Exactly why it occurred to be to write about this the day after Thanksgiving I couldn't begin to tell you. But I love the illustration I came up with to go with it.

Don't you?

Wednesday, November 25, 2009

Bet you didn't know they surfed in Chile.

Well, they do.

This, from I Believe in Advertising proves it.

Cool idea. Floor graphics on escalators and moving sidewalks. By Y&R Santiago for "Demolition", an extreme sports magazine.

Monday, November 23, 2009

Is it just me? I don't think so. Is it? Is it just me?

Well maybe it is just me.

But it does seem like people who write those "Oh my god if you don't dive into social media or electronic media your world will come to an end because nothing else works!" articles usually work for a company that sells social media or electronic media or social or electronic media consulting.

Have you ever noticed that people who work at the dry cleaners always think everything you bring in ought to be dry cleaned?

And the salesman or woman from every newspaper, magazine, radio station or cable provider knows for absolute certain that nothing else will work as well as (pick one) their newspaper, magazine, radio station or cable outlet?

Personally, I think the best advice comes from someone who doesn't have an axe to grind, or as they might say in Kentucky, a dog in that fight. I'm just saying consider the source. But that's just me, and anybody who knows me knows that I can only type with two fingers and have to look at the keyboard while I do it.

Sunday, November 22, 2009

OK, there's good news and bad news here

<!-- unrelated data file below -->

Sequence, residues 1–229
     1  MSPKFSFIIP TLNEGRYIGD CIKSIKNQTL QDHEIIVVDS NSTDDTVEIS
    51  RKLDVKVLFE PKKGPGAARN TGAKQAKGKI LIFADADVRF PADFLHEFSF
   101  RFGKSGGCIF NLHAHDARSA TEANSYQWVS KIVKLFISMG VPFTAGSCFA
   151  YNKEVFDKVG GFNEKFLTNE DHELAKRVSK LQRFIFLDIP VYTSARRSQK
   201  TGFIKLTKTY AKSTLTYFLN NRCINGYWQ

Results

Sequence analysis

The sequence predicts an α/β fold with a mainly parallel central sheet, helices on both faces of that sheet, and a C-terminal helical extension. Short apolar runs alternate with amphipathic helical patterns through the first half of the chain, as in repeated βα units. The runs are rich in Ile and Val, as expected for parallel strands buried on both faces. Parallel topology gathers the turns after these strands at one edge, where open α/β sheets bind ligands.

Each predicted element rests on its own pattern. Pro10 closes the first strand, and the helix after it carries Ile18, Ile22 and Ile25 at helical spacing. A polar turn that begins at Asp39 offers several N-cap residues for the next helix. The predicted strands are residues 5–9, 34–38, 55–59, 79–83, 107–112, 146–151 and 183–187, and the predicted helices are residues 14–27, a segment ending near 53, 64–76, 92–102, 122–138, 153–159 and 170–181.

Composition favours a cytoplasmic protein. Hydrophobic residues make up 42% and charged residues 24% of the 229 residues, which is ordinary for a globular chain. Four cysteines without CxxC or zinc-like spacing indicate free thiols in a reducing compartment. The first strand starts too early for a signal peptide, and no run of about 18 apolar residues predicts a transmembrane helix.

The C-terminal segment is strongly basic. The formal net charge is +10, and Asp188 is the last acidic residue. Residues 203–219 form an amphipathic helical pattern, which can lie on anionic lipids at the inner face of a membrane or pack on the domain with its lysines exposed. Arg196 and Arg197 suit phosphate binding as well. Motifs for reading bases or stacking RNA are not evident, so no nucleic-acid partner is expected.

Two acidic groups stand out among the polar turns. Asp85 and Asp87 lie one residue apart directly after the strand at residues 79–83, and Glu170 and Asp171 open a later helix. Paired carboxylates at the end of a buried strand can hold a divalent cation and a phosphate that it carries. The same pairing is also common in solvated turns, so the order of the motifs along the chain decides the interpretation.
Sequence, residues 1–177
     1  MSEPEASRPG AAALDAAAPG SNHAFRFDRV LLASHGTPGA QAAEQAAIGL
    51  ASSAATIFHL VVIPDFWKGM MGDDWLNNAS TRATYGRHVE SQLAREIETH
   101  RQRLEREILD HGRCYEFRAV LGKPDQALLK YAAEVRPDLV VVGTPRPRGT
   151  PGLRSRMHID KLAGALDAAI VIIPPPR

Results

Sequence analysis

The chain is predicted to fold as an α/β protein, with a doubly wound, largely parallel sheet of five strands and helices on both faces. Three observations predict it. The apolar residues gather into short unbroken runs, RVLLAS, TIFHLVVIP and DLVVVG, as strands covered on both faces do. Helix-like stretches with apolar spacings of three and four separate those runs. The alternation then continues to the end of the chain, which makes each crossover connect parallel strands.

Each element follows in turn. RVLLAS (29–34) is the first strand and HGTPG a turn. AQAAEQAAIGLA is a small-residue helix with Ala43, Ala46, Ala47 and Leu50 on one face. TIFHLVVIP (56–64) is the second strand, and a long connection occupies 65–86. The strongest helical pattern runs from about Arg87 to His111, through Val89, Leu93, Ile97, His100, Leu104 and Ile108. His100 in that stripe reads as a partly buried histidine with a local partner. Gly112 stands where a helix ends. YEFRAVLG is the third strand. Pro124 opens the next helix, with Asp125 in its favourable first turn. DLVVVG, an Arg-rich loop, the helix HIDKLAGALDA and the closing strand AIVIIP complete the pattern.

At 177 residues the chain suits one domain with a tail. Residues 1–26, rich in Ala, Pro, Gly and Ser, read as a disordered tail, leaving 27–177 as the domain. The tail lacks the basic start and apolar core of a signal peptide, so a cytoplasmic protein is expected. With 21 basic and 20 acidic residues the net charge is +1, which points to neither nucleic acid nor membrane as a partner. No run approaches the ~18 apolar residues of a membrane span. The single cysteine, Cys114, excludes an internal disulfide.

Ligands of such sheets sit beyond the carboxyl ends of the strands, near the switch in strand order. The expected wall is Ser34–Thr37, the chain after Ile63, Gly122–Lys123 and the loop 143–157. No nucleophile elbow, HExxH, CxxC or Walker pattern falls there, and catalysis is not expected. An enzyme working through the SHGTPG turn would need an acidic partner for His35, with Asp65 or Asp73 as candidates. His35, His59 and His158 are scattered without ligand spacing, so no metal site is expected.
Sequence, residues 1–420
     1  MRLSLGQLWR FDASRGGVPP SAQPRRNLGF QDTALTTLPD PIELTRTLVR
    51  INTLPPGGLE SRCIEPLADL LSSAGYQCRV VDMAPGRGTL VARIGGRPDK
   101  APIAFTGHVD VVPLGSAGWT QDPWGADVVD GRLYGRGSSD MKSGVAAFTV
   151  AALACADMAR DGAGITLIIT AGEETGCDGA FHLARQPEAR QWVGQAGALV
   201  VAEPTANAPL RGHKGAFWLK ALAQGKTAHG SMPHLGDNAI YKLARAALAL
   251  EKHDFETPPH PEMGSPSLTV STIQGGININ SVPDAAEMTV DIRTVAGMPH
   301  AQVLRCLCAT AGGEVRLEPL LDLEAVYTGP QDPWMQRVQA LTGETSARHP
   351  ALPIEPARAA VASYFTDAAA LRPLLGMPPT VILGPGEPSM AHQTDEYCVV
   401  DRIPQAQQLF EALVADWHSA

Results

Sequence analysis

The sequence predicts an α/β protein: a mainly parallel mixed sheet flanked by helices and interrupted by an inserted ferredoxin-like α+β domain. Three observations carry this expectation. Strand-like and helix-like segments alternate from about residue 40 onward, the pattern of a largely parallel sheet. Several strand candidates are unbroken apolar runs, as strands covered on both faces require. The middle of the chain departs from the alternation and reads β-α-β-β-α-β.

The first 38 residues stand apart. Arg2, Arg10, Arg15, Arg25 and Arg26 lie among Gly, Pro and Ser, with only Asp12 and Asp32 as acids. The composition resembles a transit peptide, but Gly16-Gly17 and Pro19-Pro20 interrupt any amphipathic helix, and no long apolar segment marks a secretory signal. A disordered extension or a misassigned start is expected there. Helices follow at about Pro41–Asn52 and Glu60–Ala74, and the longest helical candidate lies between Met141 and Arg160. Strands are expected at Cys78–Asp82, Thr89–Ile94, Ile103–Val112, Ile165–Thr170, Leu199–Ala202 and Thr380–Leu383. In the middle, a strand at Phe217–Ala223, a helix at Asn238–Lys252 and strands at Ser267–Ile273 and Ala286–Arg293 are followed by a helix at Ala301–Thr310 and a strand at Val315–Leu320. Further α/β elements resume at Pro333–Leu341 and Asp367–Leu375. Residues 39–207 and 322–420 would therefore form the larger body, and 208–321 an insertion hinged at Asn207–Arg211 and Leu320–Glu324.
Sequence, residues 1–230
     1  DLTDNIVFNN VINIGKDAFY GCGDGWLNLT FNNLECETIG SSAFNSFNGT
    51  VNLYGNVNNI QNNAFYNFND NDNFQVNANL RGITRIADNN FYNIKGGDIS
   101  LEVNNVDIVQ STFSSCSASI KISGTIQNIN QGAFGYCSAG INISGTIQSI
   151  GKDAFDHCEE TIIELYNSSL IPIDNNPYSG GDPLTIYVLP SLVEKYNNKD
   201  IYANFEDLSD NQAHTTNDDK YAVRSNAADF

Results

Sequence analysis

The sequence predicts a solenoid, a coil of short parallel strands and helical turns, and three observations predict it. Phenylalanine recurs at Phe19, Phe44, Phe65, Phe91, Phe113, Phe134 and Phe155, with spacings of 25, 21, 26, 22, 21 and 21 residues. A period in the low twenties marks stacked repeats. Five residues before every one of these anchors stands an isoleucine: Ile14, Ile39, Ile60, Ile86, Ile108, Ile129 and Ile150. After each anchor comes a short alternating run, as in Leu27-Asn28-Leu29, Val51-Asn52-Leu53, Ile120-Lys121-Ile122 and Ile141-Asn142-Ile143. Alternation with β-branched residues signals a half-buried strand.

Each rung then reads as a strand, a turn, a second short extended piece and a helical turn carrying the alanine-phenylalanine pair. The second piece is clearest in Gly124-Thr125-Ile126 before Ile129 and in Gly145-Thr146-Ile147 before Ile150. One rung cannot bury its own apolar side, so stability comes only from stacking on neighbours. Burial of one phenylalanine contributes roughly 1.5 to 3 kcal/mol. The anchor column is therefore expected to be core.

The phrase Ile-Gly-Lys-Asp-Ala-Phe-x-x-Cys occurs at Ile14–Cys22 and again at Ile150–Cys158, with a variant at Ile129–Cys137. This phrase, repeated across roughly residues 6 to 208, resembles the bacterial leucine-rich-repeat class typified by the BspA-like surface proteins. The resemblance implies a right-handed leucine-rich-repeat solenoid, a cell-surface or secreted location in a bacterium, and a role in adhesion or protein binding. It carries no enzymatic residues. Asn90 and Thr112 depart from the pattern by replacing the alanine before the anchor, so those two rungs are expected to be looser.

The good news is that this is very clever.

The bad news, obviously, is that it's for a nose-hair trimmer.

For Panasonic by Saatchi and Saatchi Indonesia. Via Ads of The World.

Friday, November 20, 2009

"Neesh" and "Oh-MAHjj"

Stop it!

It's niche and homage for Christ's sake.

Monday, November 16, 2009

Karen calls it the "new balance"

But if I'd used their logo, I'd probably get sued. Or at least y'all would misunderstand the content of this post.

Nevertheless, let's forge ahead.

I just Googled "ad agencies" and "Maryland" - 308,000 hits -- all kinds of stuff in there.

Then I Googled "ad agencies" and "Bethesda" ('cause, that's where we are) - 12,600 hits, and Bethesda ain't that big.

Then I did "Nasuti & Hinkle" - 21,000 hits -- just about all of them about us. At least as far as the oopty pages I checked are concerned.

What's my point? My point is that I'd much rather have people go on the Internet and look for us than just look for an agency in Maryland. That's Yellow Pages stuff. OK, so Google is not exactly like the Yellow Pages, but when it comes to homogenizing whatever the hell it is that might otherwise set you apart, there's nothing on earth quite like the power of a good, old-fashioned organic web search. Hell, for that matter, a paid search does a pretty good job of reducing everybody down to a common denominator too.